Borjas and Ramey 1993 10 percent Immigration: 20 percent
Karoly and Klerman 1994 55-141 percent Regional tests show 55 - 141 percent of inequality rise due to rising durable goods imports; an important effect of changing unionization (4 - 17 percent)
Borjas 1994 inconclusive Immigration explains 1/3 of wage inequality
Bernard and Jensen 1994 not available Between-plant demand shifts, especially to exporting plants, account for much of the rising nonproduction worker share of the wage pie
 
Trade economists 1: Emphasis on skill-biased technological change
Lawrence and Slaughter 1993 none Stolper-Samuelson effects rejected
Krugman and Lawrence 1994 minimal -
Sachs and Shatz 1994 very minimal Increased net imports (1978-90) reduced relative unskilled/skilled manufacturing employment by 5 percent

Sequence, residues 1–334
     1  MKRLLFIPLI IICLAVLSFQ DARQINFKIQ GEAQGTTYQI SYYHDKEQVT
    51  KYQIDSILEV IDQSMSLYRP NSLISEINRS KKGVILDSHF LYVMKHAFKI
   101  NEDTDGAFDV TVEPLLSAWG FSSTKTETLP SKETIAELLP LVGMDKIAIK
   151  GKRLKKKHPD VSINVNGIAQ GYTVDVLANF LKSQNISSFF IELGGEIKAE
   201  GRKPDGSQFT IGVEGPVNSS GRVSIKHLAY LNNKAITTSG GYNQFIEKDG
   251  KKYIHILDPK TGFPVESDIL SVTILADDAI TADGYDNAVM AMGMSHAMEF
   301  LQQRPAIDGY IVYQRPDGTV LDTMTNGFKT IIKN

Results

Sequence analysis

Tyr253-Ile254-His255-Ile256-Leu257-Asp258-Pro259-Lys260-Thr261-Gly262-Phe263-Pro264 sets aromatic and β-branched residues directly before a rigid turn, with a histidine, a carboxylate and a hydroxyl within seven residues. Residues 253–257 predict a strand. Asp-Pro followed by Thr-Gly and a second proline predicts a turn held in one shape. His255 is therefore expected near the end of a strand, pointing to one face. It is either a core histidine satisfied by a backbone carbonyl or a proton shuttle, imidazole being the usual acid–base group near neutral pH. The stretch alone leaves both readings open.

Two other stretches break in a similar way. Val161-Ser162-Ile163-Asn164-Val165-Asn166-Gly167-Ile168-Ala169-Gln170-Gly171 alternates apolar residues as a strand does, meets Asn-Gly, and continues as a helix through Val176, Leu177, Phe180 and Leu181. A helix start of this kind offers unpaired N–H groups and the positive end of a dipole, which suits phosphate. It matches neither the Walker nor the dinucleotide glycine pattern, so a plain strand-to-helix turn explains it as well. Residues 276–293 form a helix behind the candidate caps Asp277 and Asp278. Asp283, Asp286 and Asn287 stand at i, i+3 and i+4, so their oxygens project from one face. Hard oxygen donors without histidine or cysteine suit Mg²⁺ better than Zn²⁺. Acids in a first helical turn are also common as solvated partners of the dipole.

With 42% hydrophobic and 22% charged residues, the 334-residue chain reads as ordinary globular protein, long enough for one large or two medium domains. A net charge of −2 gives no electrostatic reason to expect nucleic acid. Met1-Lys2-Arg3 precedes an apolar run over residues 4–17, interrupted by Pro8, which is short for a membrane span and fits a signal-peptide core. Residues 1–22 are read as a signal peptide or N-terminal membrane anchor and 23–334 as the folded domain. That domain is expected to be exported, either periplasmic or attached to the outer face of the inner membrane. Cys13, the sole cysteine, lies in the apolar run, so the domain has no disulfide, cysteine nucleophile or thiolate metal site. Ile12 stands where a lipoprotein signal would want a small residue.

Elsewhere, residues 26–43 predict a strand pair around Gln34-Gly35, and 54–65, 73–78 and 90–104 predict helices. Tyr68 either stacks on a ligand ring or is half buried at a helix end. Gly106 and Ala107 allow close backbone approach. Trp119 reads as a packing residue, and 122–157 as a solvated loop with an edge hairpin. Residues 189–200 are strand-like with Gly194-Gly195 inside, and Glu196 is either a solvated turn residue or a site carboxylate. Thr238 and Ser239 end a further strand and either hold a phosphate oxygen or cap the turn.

Cooper 1994 10 percent Decline in textile, apparel, and leather manufacturing as impact of trade upon unskilled
Baldwin and Cain 1994 9-14 percent -
Krugman 1995a 10 percent -
 
Trade economists 2: More emphasis on the role of trade, immigration, and other international forces, while also acknowledging a role for technological change
Leamer 1992 major 1972-85 trade reduced US unskilled wages by $1,000 and raised skilled wages by $6,000
Leamer 1994 20 percent Changes in relative factor supply and ongoing technological change are dominant factors
Leamer 1995 major Globalization: most powerful force
Feenstra and Hanson 1995 15-33 percent Globalization explains 15-33 percent of wage inequality
 
Development economists 1
Wood 1994 Imports of manufactures from LDCs less-developed countries depress the demand for unskilled labor in the North by 22 percent of the unskilled labor force
Source: Table 2.3 of Cline (1997), simplified by the authors.